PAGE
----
I clearly remember her from Class 3. Let us call her Y. When she joined us, our teacher announced in Y's presence that she is poor " not with any overt malice, but as if seeking our consideration towards the new girl. What can one say of that act of godawful insensitivity by a well-intentioned, unintelligent adult?
Y spoke not a word to us as far as I recall. That day or perhaps the next, a student lost something. I am not sure what it was " maybe cash, maybe a pencil or sharpener. You know how eight-year-olds can be. Our teacher deemed it fit to single Y out and publicly, in a gentle tone, ask her to confess if she had stolen the missing item. Then, as she searched Y's bag before the whole class, Ma'am said by way of explanation to the rest of us, "Poor child. She might have taken it because she is poor, you know." (words to that effect)
Y did not return to class the following day.
In the decades since, I have often thought of Y and wondered about the effect of such humiliation on one so young. She came to mind again while I watched the boy Bulbul in this week's Hindi film release, Pareeksha - The Final Test, as he is belittled by a teacher on his first day in an English medium school for the "bade log" (big people).
Pareeksha is a heart-rending account of a poor rickshaw puller determined to help his son escape poverty by giving him the best education available in the city. Towards this end, Buchhi persuades a school for Ranchi's upper crust to admit Bulbul into its hallowed realm, despite the back-breaking financial burden this move places on him and his wife Radhika who is a factory worker.
Some scenes in Pareeksha involving the faculty and students' reactions to Bulbul at that educational institution suffer from stilted dialogue writing, lax execution and sub-par acting, some are even simplistic, but at no point are they beyond belief. In fact, if you have tracked the experiences of youngsters who get slotted as "quota" folk by the offspring of the well-heeled and upper castes in Indian colleges, you will know that a real-life Bulbul would most likely have faced far worse.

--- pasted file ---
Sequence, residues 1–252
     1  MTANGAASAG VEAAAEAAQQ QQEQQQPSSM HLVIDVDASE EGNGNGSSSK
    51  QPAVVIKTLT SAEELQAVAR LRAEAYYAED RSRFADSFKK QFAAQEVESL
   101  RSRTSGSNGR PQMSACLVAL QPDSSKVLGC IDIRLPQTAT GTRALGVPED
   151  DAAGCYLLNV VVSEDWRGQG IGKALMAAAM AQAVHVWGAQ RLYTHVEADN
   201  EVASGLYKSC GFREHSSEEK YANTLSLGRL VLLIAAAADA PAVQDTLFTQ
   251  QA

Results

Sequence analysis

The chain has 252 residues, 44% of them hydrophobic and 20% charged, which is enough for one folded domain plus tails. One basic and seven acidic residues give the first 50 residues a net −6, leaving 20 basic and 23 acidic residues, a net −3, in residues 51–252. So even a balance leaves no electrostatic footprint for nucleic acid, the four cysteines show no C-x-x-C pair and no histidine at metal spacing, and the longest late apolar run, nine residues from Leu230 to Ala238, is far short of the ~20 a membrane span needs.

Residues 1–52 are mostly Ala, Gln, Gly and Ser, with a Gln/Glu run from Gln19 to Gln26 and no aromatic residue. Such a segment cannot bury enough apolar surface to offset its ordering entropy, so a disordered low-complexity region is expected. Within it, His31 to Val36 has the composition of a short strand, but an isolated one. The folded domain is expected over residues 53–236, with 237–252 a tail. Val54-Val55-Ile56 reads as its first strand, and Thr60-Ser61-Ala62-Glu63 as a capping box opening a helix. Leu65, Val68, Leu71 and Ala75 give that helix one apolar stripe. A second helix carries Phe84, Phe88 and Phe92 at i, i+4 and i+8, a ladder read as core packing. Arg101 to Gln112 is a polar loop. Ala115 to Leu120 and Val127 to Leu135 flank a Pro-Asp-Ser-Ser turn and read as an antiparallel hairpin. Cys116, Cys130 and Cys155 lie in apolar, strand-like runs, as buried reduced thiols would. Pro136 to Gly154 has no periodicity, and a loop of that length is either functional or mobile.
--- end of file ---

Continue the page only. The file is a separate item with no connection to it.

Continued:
Pareeksha is written, directed and produced by Prakash Jha. The National Award winning veteran's interest in the education system was evident from his debut.
Pareeksha takes several unforeseeable turns that keep it interesting through its 1 hour and 42 minutes running time. It diminishes in strength occasionally when it moves away from Bucchi and is weakest in the snobby school scenes, but just when it appears that Jha is losing his hold on it, he tightens his grip on the reins.
There is a significant and meaningful episode in the film involving a senior policeman played by Sanjay Suri (likeable as always). It is a crucial sub-plot, but when it went on for too long, I began to fear that Pareeksha would fall victim to a saviour complex. Just in time though, Jha pulls back, which is a good thing, although it must be said that the ending of that passage is abrupt and inconsistent with the characterisation of the policeman until then.
Pareeksha is that rare contemporary Hindi film that is not afraid to examine India's caste system. Article 15 in 2019 had placed atrocities against Dalits at the front and centre of its script. Dhadak the previous year was more typical of Bollywood, pretty much rubbing caste out of the storyline taken from the pathbreaking Marathi film Sairat. Pareeksha does not use the word "caste" anywhere but with a scene featuring a reprehensible father from Bulbul's school, the family's address and the mention of Buchhi's surname at one point, it leaves us in no doubt about his background.
According to a press note from ZEE5, the streaming platform on which Pareeksha releases today, the film is inspired by true events in the experience of former Bihar DGP Abhayanand. The storytelling here is not as sophisticated as Ashwiny Iyer Tiwari's brilliant Nil Battey Sannata (Zero Divided By Zero), which starred Swara Bhasker as a household worker who returns to school to inspire her ambitionless teenaged daughter. Pareeksha's narrative has questionable patches and the production design is not always convincing, but the larger story it tells is inspiring and extremely poignant. Some parts of the film may seem fairytale-like, considering the cruelty of the real India's caste and class divides, but there are enough newspaper reports around to tell us that they are not impossible.
A bonus comes in the form of little touches, such as the opening on an aerial view of the city with the azaan rising in the background followed by what sound like temple bells and cymbals. This is an unconventional choice for a Hindi film since the leads are not Muslim, so what it is " along with the undramatised, unhyped, non-cliched, random presence in the narrative of Muslim neighbours and a Christian school staffer " is an unobtrusive reminder in these divisive times from a politically concerned filmmaker: that multiculturalism is the natural order when our society is left to its own devices.
These touches, as much as the primary theme, are vintage Prakash Jha.